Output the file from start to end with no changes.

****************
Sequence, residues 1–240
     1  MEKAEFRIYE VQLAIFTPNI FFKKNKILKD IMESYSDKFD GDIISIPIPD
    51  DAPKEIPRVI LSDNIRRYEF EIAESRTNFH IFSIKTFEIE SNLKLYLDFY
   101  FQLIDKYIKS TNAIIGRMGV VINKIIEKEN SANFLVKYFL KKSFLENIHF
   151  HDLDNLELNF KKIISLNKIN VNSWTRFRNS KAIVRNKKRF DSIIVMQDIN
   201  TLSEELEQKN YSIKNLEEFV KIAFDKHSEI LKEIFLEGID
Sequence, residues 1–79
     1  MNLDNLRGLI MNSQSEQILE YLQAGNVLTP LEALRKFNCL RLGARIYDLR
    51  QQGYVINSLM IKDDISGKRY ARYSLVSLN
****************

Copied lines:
Sequence, residues 1–240
     1  MEKAEFRIYE VQLAIFTPNI FFKKNKILKD IMESYSDKFD GDIISIPIPD
    51  DAPKEIPRVI LSDNIRRYEF EIAESRTNFH IFSIKTFEIE SNLKLYLDFY
   101  FQLIDKYIKS TNAIIGRMGV VINKIIEKEN SANFLVKYFL KKSFLENIHF
   151  HDLDNLELNF KKIISLNKIN VNSWTRFRNS KAIVRNKKRF DSIIVMQDIN
   201  TLSEELEQKN YSIKNLEEFV KIAFDKHSEI LKEIFLEGID
Sequence, residues 1–79
     1  MNLDNLRGLI MNSQSEQILE YLQAGNVLTP LEALRKFNCL RLGARIYDLR
    51  QQGYVINSLM IKDDISGKRY ARYSLVSLN